[Advaita-l] Knowledge and the Means of Knowledge-4

kuntimaddi sadananda kuntimaddisada at yahoo.com
Tue Feb 12 23:14:31 CST 2008

                     4. What you perceive is Brahman!

(We are presenting the series in the order that Vedanta ParibhASha addreses the
epistemological issues in Advaita Vedanta. The contents are based on my understanding.)

Six means of Knowledge: Advaita accepts six means of knowledge or pramaaNas. They are 1)
direct perception (Pratyaksha), 2) Inference (anumaana), 3) comparison (upamaana), 4)
verbal testimony (generally trust worthy word, but DP uses aagama meaning scriptures, as
our interest is in spiritual knowledge), 5) presumption (arthaapatti) 6) non-apprehension
(anupalabdhi). These will be described in turn.  

Concerning the direct perceptual knowledge, DA says: ‘Pratyaksha pramaayaaH karaNam
Pratyaksha pramaaNam’ - the instrument for knowing the objects directly is direct
perception. Next, DA makes a revealing statement that baffles the intellect. ‘Pratyaksha
pramaa ca atra caitanyam eva’ – atra, meaning in the direct perceptual knowledge, what is
really revealed as the knowledge is the pure consciousness itself (He used he word ‘eva’,
meaning consciousness alone).  We may need to meditate on the statement to understand the
significance, but what the statement says is direct and immediate perceptual knowledge is
the Brahman- no need to meditate since meditation is mediate and not immediate.  This is
a daring statement since Brahman cannot be perceived, yet he says what is perceived is
Brahman. He provides the reference to Br. Up. III-4-1 that states that Brahman is
directly and immediately revealed.   Let us look at this little carefully. The Upanishad
mantras contain the conversation between UShasta and Yajnavalkya. Their conversation ends

UShasta: ‘You are providing me some indirect descriptions of Brahman like cow is such and
such, or horse is such and such, etc. Explain to me the Brahman that is immediate and
direct not through indirect descriptions – Explain to me the Brahman, the self that is
with in all’.

Yagnavalkya: ‘You can not witness that which is witnessing self, you cannot hear that
which is hearer of hearing, you cannot think that which is thinker of thinking, you
cannot know that which is knower of knowledge – that is yourself that is with in all; and
everything else except this is perishable’ – with that answer, UShasta had no further

Upanishad says that which is directly and immediately known without any medium is
Brahman, that is your self, which is the pure consciousness because of which we are
conscious of everything else. We cannot be conscious of consciousness since that will
lead to infinite regress since we need to bring in series of consciousness(es) to be
conscious of the preceding  one. Other than the consciousness which is the knower of all
knowledge, Upanishad says everything else is ultimately perishable, meaning negatable. 
Real is that which is not negatable and Upanishad declares that 1) consciousness is never
negatable, 2) you are that consciousness and 3) you are that Brahman and 4) That alone is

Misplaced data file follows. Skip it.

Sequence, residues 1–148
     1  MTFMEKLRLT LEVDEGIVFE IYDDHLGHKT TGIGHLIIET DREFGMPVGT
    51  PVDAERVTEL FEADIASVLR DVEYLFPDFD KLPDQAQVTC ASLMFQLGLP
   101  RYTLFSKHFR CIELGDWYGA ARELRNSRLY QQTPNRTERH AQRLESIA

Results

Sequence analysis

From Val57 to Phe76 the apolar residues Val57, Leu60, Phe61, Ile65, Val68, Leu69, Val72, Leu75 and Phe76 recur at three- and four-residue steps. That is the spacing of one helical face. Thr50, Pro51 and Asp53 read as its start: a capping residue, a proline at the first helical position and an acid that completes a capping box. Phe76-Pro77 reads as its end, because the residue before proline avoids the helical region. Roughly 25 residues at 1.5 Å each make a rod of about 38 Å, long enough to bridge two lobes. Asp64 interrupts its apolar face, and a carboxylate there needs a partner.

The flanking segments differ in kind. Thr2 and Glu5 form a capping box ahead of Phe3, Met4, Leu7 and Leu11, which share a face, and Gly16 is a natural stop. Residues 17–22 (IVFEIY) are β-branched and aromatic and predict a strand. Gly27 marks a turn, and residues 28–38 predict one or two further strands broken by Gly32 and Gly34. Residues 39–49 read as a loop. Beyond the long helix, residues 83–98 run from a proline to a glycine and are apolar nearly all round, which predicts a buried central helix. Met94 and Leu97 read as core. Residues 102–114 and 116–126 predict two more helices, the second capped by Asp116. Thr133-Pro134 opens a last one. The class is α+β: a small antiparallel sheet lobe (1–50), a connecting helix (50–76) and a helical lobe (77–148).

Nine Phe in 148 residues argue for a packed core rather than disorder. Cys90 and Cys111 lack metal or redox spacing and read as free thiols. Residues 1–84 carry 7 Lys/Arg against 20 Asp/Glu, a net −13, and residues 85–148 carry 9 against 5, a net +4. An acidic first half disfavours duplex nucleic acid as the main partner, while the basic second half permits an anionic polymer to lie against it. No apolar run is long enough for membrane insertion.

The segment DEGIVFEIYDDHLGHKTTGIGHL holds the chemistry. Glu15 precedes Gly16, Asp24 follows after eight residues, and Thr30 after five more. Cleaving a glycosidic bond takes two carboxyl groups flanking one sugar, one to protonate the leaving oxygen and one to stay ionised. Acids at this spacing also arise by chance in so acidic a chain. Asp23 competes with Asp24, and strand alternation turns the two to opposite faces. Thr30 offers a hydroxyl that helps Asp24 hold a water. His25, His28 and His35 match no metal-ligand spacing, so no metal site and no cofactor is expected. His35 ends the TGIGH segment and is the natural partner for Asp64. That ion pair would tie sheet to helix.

real. Pure advaitic truth.  How is this related to perceptual knowledge? 

Knowledge can be thought of as two types – (a) direct and immediate called in Sanskrit
‘aparoksha jnaanam’ (Shankara wrote a book “aparokshaanubhuuti”) and (b) mediate
knowledge (paroksha jnaanam) which is not immediate. Pratyaska pramaaNa comes under
direct and immediate knowledge because as soon as I open my eyes I cannot but see the
object right in front of me. The knowledge of the object is not purusha tantra that is to
see or not to see does not depend on my will to see. It is vastu tantra that is it
depends on the nature of the object – it is assumed that my sense of sight is functioning
properly and all other secondary causes (light etc) are operating properly. Hence all
perceptual knowledge is direct and immediate – immediate in the sense that I do not have
to do any analysis, thinking, meditation etc for me to grasp the knowledge of the object
right in front of me. In contrast the knowledge gained by other pramaaNas such as
anumaana etc is not direct. It is called mediate knowledge, since one has to sort it out
the knowledge through vyaapti or cause-effect reasoning. Shabda pramANa is based on
words. Words normally give only indirect knowledge, similar to learning about how Indra
loka or Niagara Falls looks like by reading books.  However, when it comes to Vedanta,
the words CAN give immediate and direct knowledge if what is pointed out is right there
directly and immediately, like the story of missing 10th man. You are that -Tat tvam asi
– Yagnavalkya in his answer says the direct and immediate knowledge is yourself since
that is the most direct and immediate. In Yagnavalkya’s answer, when he says you cannot
witness that which is witness of everything or hear that which is hearer of hearing – he
is implying that no Pratyaksha pramANa can reveal Brahman. In fact none of the pramAnAs
can give the knowledge of Brahman or about of myself.  Hence Brahman is called aprameyam,